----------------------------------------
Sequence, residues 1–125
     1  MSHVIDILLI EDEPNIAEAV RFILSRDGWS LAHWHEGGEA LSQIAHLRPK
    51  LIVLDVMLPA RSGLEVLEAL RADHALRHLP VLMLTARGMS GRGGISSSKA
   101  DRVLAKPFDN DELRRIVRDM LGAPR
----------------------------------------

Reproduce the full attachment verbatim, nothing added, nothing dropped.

Sequence, residues 1–125
     1  MSHVIDILLI EDEPNIAEAV RFILSRDGWS LAHWHEGGEA LSQIAHLRPK
    51  LIVLDVMLPA RSGLEVLEAL RADHALRHLP VLMLTARGMS GRGGISSSKA
   101  DRVLAKPFDN DELRRIVRDM LGAPR